Animal Hospital of North Asheville has a new bivalent vaccine that will aid in the control of disease associated with both canine influenza virus (CIV) H3N2 and canine influenza virus H3N8. When the influenza virus first started affecting dogs, the only known strain was H3N8. In 2015, our community experienced an outbreak of the H3N2 strain of influenza. By giving the bivalent vaccine, we can provide the widest protection against CIV that is available. This is a killed vaccine, so a series of two vaccinations two to three weeks apart are needed the first year and then one revaccination is needed at yearly intervals. If your dog has received a single-strain influenza vaccine in the past (before the first of 2017), we will need to give a series of two vaccines to achieve the best protection. While we have not seen canine influenza in our area for over a year and we cannot predict if it will reoccur, we want all our clients to be aware that we can now vaccinate against both strains. It is your choice whether to have your dog vaccinated for influenza, just as some people choose not to be vaccinated for human flu, but we want you to be fully informed as you make your decision. If another outbreak occurs in our community as occurred in the summer of 2015, not only are vaccine shortages likely, but it will take at least 10 days after your pet’s second of the two vaccinations for your pet to develop the immunity needed to lessen the disease (a total of at least 24 days). For those reasons, waiting to give the vaccinations after an outbreak occurs can present problems. The severity of the clinical signs associated with flu in dogs varies greatly, just as it does in people.
The following excerpt is taken from an October 6. 2016 article by Merck Animal Health, Merck Animal Health Announces USDA Approval of Innovative Canine Flu Bivalent Vaccine.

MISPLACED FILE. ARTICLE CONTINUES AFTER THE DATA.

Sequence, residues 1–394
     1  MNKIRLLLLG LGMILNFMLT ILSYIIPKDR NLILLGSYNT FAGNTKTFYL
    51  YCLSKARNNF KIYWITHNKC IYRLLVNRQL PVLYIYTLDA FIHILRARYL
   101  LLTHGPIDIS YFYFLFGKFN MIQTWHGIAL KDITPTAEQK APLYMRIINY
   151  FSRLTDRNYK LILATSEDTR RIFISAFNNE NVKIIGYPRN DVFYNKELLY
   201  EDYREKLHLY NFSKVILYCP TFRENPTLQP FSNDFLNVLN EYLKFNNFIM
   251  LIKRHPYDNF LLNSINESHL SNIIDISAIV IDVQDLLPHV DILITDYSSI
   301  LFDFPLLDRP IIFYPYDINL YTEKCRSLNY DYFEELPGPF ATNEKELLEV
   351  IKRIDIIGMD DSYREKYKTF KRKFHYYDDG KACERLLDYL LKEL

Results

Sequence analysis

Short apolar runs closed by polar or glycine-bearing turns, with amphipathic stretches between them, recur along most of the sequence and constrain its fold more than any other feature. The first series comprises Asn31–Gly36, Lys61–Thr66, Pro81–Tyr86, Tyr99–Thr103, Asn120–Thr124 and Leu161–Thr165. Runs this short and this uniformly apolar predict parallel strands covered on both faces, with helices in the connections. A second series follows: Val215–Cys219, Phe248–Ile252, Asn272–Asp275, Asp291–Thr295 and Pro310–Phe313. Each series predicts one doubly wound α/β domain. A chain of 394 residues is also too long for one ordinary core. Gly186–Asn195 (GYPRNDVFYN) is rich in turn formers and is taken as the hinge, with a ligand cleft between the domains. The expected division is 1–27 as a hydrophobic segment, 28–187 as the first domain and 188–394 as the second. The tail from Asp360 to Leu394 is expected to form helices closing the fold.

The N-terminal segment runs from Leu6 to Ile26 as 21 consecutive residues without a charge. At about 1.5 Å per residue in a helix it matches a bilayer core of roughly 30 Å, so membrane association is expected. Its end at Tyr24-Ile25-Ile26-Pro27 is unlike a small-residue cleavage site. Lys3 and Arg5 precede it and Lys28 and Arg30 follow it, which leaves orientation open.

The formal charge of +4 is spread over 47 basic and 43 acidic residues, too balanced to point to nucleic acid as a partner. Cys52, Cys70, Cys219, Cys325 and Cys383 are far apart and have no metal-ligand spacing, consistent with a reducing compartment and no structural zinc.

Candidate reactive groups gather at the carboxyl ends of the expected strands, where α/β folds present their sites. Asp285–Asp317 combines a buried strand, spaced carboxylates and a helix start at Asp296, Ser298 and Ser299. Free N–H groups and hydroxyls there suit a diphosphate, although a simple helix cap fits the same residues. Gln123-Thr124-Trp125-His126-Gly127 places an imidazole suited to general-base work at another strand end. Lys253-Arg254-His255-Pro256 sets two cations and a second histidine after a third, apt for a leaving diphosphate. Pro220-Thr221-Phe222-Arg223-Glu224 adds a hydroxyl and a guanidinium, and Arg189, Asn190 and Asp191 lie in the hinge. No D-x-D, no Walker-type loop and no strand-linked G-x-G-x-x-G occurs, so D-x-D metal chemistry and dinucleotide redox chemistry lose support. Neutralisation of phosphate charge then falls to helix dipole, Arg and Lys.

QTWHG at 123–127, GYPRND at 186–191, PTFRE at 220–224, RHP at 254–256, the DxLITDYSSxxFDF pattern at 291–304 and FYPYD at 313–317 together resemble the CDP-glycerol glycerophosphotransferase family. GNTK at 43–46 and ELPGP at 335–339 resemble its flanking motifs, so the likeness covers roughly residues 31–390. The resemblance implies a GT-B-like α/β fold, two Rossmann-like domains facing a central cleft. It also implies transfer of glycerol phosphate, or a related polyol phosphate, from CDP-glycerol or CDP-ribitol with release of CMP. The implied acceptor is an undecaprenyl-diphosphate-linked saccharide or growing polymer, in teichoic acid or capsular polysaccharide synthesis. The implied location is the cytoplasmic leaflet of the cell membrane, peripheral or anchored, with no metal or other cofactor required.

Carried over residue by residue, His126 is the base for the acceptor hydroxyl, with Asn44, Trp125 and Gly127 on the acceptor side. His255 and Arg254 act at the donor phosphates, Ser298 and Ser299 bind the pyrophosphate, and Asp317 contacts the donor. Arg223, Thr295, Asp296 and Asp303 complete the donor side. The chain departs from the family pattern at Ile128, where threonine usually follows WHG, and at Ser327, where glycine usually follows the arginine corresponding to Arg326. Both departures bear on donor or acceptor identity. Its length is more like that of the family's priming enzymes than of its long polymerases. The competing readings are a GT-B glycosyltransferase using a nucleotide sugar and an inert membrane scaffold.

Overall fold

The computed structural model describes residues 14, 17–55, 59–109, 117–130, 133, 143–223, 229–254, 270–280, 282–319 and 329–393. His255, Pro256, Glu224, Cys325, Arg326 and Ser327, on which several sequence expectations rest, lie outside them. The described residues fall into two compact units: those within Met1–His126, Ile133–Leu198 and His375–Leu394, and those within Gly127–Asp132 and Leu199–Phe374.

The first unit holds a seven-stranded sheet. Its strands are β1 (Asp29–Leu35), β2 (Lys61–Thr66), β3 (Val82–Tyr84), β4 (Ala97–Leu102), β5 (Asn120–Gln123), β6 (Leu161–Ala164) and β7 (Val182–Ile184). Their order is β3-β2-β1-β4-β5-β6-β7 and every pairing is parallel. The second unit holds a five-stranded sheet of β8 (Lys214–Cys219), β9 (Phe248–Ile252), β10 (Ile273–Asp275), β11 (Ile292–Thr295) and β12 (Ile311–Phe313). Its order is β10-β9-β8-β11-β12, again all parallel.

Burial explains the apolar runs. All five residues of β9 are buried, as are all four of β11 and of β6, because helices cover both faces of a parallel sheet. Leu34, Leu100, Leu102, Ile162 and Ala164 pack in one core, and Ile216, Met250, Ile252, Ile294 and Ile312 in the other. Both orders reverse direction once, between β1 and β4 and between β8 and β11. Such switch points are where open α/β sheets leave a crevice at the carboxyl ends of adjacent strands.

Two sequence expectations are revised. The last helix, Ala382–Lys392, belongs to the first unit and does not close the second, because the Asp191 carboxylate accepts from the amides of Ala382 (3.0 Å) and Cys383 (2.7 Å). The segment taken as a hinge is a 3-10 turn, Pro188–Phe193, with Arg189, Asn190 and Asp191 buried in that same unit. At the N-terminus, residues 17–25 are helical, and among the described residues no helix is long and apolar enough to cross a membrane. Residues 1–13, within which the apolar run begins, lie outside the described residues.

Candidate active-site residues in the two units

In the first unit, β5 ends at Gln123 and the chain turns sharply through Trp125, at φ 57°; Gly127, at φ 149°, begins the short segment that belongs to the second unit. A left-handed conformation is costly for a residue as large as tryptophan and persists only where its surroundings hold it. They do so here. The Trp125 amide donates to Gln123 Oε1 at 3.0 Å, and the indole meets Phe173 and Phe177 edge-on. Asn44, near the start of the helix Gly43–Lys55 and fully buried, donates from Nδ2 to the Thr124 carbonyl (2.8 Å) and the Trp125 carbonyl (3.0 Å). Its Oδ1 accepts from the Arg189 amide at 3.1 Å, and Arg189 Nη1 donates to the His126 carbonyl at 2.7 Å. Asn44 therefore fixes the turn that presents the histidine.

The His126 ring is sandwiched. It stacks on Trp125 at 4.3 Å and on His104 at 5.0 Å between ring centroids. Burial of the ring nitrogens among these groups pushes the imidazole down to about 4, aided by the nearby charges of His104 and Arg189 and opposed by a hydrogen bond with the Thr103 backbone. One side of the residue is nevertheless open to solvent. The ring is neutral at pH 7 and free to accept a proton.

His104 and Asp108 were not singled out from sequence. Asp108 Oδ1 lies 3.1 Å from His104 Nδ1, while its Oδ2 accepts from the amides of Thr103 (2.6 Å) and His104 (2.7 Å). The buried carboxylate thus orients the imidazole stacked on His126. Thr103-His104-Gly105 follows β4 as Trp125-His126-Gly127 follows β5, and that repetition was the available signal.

"Dogs at risk for CIRDC (canine infectious respiratory disease complex) should be vaccinated at least yearly with both influenza strains, H3N8 and H3N2, in addition to the other causes of 'Canine Cough',” said Ronald Schultz, Ph.D., professor of pathobiological sciences at the University of Wisconsin School of Veterinary Medicine. “The occurrence of one strain or the other is unpredictable and so dogs should be protected against both. Because dogs do not maintain long duration of immunity against influenza, it is important to vaccinate them annually.”
According to clinical studies by researchers at the University of Wisconsin, the CIV H3N2 may be shed for an extended period of time – up to 24 days, which is far longer than what is seen with CIV H3N8.2 As a result, the infection can spread quickly among social dogs in inner cities, doggie daycares, boarding facilities, dog parks, sporting and show events and any location where dogs commingle. Clinical signs of both strains of CIV in dogs include coughing, fever, lethargy and interstitial pneumonia,3 and can be spread by direct contact with respiratory discharge from infected dogs, through the air via a cough or sneeze and by contact with contaminated objects, such as dog bowls and clothing or by people moving between infected and uninfected dogs.2 The U.S. Centers for Disease Control and Prevention (CDC) notes there is no evidence of transmission of the virus from dogs to people.
Nobivac Canine Flu Bivalent is recommended for healthy dogs 7 weeks of age or older as an aid in the control of disease associated with canine influenza virus H3N8 and canine influenza virus H3N2. Primary immunization requires two vaccinations given two to four weeks apart. Annual revaccination with one dose is recommended.
Information supplied by Merck Animal Health